It’s time to think differently about consumer engagement with students.
We can finally talk about the 2022 Freshers Report, which has just been published after months of research and analysis. Today’s launch reveals insight gathered from more than 7,000 students, about what really makes them tick when it comes to spending and shopping. For brands and businesses looking to engage with this unique market, it’s a crucial read.
And they are extremely unique, especially compared to their predecessors. They are the Gen Z vanguard when it comes to maturity, spending, and influence, but they’ve also lived through a global pandemic. This year’s freshers have all but skipped the traditional precursor to higher education, arriving as adult consumers with a distinctive set of preferences, and an exceptional clarity of what they do and don’t want from the marketplace.
To engage with this high-demand audience, brands must understand their new characteristics. We explore these in-depth in the report, but let’s take a look at some of the big headlines that are going to make big differences:
- A solid set of new values, driving shopping decisions.
- A desire to get back to the high street, to engage with retailers.
- A new pace of life, with implications on spending.
- A growing tendency for localism, defining where they want to spend.
- An ethics-driven lifestyle, influencing who they give their money to.
A solid set of new values, driving shopping decisions
There’s a changing of the guard when it comes to spending in UK youth culture. Where they were once characterised by their pursuit of more ‘Kardashian Insta feeds’ and designer brand hauls, now the power of expressing their individualism is taking many in the opposite direction. They are thinking more before they act and a large part of that thought process is around the ethics of consumerism such as: is this a sustainable purchase? do I agree with this brand’s worldview? could I get better value for money elsewhere?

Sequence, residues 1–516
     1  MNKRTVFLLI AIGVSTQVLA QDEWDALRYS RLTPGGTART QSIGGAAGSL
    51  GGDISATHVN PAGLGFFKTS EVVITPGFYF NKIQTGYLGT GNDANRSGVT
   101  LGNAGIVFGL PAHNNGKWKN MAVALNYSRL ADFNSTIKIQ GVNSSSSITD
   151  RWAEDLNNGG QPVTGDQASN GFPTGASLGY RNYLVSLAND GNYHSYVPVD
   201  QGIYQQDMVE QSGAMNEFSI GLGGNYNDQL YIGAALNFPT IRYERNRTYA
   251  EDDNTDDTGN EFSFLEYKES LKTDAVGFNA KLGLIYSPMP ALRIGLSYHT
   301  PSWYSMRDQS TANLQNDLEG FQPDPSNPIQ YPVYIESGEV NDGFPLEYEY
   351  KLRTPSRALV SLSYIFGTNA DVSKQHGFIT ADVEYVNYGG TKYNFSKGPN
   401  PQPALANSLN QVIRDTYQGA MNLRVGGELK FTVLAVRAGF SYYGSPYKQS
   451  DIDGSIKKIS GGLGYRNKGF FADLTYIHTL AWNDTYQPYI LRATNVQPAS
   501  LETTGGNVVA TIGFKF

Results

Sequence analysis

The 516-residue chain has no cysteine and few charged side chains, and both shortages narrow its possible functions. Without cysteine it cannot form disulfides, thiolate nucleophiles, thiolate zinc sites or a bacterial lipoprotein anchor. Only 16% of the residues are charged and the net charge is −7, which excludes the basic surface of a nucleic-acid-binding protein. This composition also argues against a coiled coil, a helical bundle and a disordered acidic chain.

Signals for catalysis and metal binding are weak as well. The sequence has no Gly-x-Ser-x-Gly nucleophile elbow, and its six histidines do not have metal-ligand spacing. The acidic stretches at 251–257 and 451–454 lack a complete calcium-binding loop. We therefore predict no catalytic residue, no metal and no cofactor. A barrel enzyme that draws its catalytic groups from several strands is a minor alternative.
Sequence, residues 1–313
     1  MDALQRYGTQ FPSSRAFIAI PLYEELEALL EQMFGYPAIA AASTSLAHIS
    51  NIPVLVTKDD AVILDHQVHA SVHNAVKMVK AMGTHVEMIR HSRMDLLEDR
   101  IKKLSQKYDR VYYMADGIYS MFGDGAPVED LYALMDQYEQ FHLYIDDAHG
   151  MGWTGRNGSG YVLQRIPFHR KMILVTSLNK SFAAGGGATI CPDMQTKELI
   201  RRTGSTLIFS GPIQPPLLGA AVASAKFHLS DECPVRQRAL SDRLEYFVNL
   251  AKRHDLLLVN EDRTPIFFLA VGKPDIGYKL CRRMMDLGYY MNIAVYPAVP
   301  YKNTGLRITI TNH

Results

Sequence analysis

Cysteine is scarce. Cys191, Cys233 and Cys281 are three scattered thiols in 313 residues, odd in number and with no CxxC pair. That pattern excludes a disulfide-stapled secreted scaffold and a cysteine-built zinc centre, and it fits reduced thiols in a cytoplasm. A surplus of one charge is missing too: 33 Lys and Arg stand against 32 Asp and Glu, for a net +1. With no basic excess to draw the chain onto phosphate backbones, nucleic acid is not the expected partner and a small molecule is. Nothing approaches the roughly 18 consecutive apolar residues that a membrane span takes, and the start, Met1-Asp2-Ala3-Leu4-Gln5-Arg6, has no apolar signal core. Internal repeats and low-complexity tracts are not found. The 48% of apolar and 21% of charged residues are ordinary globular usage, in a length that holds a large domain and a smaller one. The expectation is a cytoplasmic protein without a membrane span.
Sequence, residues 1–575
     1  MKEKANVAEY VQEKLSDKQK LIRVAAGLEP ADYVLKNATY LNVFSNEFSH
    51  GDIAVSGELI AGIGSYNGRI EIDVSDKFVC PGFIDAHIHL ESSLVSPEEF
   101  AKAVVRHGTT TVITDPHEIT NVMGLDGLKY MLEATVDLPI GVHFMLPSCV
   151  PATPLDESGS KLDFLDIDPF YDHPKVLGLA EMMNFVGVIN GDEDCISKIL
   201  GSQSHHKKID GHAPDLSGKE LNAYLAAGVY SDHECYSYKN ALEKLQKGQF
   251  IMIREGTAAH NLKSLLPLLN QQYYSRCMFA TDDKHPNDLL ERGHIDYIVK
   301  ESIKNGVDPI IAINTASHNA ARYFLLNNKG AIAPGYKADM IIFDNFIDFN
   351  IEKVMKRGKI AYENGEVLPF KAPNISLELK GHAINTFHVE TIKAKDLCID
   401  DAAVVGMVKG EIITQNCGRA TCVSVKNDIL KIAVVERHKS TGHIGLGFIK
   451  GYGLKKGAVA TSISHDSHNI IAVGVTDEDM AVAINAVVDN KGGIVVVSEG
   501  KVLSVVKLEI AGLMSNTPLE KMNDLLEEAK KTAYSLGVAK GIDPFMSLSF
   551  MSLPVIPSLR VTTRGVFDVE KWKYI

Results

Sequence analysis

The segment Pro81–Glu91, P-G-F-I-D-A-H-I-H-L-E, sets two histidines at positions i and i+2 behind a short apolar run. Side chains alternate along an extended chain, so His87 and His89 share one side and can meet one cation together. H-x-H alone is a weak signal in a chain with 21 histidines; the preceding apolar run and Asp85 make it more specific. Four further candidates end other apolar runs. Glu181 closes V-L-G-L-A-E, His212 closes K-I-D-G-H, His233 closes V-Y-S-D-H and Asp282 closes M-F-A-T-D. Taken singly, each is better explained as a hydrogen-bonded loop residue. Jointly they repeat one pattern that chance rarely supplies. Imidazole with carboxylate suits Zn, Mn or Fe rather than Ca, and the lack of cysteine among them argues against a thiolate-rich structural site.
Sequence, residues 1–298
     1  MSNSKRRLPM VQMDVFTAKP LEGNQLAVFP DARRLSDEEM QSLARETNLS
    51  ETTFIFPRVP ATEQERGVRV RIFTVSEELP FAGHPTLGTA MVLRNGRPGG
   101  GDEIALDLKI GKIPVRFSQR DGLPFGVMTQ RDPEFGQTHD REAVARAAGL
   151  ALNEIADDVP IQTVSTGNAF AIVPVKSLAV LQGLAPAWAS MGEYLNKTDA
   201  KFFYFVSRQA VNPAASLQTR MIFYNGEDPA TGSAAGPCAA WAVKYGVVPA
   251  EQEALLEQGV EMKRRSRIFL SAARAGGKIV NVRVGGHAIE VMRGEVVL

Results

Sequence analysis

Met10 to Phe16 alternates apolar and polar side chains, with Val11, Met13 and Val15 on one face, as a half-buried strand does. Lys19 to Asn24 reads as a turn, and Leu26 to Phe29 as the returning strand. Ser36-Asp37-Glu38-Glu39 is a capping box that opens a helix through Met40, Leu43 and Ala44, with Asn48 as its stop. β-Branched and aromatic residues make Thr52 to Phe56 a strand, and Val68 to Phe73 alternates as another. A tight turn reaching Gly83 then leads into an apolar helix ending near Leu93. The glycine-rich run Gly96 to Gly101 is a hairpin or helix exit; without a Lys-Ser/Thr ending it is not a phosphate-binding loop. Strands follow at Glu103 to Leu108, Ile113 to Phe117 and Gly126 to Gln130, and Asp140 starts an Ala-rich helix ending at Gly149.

By being on the right side of these answers retailer brands such as ALDI, LIDL, Vinted, and eBay are all benefitting from a new student mindset.
A desire to get back to the high street, to engage with brands
Digital natives they may be, but 2 years of COVID has ignited a fire to down-screens and get back to real life. Millennials are firmly ensconced in one-click-checkouts and deliver-to-door, but you’ll find Gen Z freshers in libraries, supermarkets, bookshops, and, if available to them, back in lecture halls as soon as possible. This translates to an overwhelming desire for physical engagement and brand experience, as well as digital provision from brands.
A new pace of life, with implications on spending
One of the most surprising and delightful findings from this year’s report is the performance of Dunelm, which climbed +142 places in the brand rankings and broke into the Top 100 brand table for the first time. It is one of the many indicators that a large proportion of students are adopting a homelier lifestyle for the post-pandemic world: spending record amounts on homeware and kitchenware; making home-cooked meals for nights in; and leaning into the slower side of life. Many will be looking to engage with new brands which echo this new home-loving approach.
A growing tendency for localism, defining where they want to spend
Students don’t care how long a brand has been around, they can see through advertising campaigns, and they’re not influenced by celebrity or influencer endorsements anymore. Which means that new and/or small brands have found the playing field is much more level in this student-customer marketplace: freshers are keen to spend their money with local or independent retailers. But the desire to use their consumerism as a tool for good also extends far beyond their neighbourhoods, aligned with the Gen Z preference for female-owned, black-owned, and minority-owned stores. Messaging and positioning is crucial in a marketplace peppered by new preferences.
An ethics-driven lifestyle, influencing who they give their money to
Staying in the good books of students is crucial for youth-focussed brands, but there have been some slip-ups in 2022. We’ve seen the continuing break-up with fast fashion this year, but even brands like Amazon and Apple have felt the sting of a more ethics-driven consumer. If word gets out that you’re not treating your staff well, or your production processes are unsustainable then you are going to lose the student vote. Bringing ethics and values to the core of your communications will help students to understand your integrity and authenticity: a non-negotiable prerequisite for their custom.
To read these stories in full, along with 32 pages of analysis on student spends and trends, download the UCAS Freshers Report 2022.